Phospholipase D1 and choline kinase-α are interactive targets in breast cancer

Mayur Gadiya, Noriko Mori, Maria D. Cao, Yelena Mironchik, Samata Kakkad, Ingrid S. Gribbestad, Kristine Glunde, Balaji Krishnamachary, Zaver M. Bhujwalla

Research output: Contribution to journalArticlepeer-review

23 Scopus citations


A consistent metabolic hallmark observed in multiple cancers is the increase of cellular phosphocholine (PC) and total choline-containing compounds (tCho), which is closely related to malignant transformation, invasion, and metastasis. Enzymes in choline phospholipid metabolism present attractive targets to exploit for treatment, but require a clear understanding of the mechanisms underlying the altered choline phospholipid metabolism observed in cancer. Choline kinase-α (Chk-α) is an enzyme in the Kennedy pathway that phosphorylates free choline (Cho) to PC, and its upregulation in several cancers is a major contributor to increased PC levels. Similarly, increased expression and activity of phospholipase D1 (PLD1), which converts phosphatidylcholine (PtdCho) to phosphatidic acid (PA) and Cho, has been well documented in gastric, ovarian and breast cancer. Here we report a strong correlation between expression of Chk-α and PLD1 with breast cancer malignancy. Data from patient samples established an association between estrogen receptor (ER) status and Chk-α and PLD1 expression. In addition, these two enzymes were found to be interactive. Downregulation of Chk-α with siRNA increased PLD1 expression, and downregulation of PLD1 increased Chk-α expression. Simultaneous silencing of PLD1 and Chk-α in MDA-MB-231 cells increased apoptosis as detected by the TUNEL assay. These data provide new insights into choline phospholipid metabolism of breast cancer, and support multiple targeting of enzymes in choline phospholipid metabolism as a strategy for treatment.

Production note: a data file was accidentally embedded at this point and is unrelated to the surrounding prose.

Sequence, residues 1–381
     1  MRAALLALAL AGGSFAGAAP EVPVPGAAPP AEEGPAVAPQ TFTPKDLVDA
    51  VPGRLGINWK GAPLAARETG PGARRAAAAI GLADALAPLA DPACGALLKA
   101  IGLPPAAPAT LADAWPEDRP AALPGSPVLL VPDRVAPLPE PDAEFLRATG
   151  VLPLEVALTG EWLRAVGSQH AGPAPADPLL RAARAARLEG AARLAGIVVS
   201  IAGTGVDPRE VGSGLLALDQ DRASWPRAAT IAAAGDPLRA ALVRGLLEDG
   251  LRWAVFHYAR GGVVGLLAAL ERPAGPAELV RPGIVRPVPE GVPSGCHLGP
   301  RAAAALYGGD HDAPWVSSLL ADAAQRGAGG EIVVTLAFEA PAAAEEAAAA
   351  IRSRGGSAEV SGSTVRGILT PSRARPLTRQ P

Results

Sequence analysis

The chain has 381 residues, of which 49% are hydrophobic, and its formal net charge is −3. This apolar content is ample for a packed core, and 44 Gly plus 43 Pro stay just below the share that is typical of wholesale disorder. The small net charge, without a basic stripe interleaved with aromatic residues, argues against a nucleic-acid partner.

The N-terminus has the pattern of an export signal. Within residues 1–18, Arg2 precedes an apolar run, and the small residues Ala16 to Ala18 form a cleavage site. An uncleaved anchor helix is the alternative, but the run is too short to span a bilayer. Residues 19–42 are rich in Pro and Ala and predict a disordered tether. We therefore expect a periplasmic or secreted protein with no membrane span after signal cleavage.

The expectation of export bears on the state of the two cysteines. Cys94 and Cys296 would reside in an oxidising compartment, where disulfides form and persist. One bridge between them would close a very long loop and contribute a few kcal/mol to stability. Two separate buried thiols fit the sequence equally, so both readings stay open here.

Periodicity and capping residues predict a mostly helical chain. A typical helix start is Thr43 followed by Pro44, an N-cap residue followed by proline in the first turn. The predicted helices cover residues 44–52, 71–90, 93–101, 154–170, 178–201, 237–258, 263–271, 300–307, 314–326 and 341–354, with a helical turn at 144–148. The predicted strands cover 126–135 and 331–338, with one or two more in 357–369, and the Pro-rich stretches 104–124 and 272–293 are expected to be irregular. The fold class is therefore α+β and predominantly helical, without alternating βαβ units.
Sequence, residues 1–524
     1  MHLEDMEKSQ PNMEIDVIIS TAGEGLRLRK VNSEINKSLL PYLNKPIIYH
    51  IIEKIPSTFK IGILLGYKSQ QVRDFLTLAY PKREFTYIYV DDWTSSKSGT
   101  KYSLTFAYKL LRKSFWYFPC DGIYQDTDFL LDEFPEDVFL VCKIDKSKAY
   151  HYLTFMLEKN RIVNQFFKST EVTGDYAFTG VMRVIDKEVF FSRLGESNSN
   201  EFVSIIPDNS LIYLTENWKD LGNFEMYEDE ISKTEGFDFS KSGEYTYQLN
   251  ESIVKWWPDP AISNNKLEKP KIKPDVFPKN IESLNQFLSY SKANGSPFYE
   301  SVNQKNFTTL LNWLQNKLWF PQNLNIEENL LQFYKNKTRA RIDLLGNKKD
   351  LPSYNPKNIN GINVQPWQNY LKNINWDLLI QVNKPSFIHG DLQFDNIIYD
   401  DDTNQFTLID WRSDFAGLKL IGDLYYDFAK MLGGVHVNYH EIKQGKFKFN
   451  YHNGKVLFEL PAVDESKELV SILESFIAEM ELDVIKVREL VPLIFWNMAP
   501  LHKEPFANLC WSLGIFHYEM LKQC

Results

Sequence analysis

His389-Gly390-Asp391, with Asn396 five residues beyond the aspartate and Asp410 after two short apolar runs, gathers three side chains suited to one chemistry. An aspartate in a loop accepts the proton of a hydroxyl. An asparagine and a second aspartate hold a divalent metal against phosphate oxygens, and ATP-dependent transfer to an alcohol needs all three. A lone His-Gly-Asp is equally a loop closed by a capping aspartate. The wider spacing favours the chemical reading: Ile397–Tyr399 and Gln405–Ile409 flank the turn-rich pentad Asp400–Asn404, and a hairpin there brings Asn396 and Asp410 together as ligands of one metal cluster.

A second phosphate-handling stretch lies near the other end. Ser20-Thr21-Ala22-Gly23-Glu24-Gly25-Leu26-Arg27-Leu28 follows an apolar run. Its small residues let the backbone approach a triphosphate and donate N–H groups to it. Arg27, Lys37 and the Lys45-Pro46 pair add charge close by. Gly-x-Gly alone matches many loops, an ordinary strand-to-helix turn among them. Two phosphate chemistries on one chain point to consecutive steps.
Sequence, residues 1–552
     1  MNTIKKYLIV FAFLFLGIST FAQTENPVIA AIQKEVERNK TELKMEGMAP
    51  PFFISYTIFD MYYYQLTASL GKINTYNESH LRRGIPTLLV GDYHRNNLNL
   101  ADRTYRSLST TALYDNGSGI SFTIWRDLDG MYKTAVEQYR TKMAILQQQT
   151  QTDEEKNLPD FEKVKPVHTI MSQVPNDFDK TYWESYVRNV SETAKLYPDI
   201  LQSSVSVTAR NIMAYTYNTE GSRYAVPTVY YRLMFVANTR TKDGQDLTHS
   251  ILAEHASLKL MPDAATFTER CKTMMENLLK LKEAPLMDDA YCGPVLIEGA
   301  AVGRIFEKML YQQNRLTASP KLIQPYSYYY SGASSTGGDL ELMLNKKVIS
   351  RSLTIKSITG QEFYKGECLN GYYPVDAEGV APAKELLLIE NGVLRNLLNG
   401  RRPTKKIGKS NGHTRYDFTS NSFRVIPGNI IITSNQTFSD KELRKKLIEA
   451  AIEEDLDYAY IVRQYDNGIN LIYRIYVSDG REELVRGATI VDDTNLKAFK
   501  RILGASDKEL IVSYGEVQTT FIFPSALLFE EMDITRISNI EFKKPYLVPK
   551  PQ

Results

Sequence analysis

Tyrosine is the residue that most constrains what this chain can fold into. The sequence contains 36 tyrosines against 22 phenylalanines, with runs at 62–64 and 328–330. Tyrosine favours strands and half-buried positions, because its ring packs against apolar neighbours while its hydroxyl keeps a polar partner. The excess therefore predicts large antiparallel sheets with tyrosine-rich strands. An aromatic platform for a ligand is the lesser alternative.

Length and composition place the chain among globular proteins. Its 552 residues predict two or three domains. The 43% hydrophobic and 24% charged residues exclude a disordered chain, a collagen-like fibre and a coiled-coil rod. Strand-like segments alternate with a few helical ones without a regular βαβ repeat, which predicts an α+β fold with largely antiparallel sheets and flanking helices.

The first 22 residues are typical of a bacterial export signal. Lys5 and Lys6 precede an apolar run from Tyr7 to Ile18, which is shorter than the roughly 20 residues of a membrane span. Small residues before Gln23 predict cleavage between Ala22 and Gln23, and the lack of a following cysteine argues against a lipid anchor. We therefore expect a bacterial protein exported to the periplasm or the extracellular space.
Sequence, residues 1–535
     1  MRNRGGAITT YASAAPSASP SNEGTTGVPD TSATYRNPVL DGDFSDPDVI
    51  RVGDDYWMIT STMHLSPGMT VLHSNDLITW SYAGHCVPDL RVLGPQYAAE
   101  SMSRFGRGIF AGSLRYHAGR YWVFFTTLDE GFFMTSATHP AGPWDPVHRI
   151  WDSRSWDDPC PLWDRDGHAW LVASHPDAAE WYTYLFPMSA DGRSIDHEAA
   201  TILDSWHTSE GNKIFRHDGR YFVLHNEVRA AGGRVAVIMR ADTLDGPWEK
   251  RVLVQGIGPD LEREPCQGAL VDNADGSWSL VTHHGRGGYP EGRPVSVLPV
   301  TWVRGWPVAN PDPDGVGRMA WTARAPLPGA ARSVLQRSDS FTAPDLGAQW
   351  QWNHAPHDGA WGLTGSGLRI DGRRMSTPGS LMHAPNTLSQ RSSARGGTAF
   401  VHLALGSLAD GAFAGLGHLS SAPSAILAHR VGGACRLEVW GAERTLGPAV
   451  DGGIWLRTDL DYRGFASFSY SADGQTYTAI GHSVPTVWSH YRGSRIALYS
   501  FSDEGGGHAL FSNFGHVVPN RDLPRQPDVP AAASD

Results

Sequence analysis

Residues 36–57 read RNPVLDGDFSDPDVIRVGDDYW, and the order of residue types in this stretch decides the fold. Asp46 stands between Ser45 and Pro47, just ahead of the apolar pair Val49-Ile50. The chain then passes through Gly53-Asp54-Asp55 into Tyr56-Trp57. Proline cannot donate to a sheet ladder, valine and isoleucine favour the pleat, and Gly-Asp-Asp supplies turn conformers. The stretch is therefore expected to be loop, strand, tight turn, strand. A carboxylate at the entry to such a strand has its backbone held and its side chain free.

Original languageEnglish (US)
Pages (from-to)593-601
Number of pages9
JournalCancer Biology and Therapy
Issue number5
StatePublished - May 2014


  • Breast cancer
  • Choline kinase-alpha
  • Magnetic resonance spectroscopy
  • Phospholipase D1
  • RNA interference

ASJC Scopus subject areas

  • Molecular Medicine
  • Oncology
  • Pharmacology
  • Cancer Research


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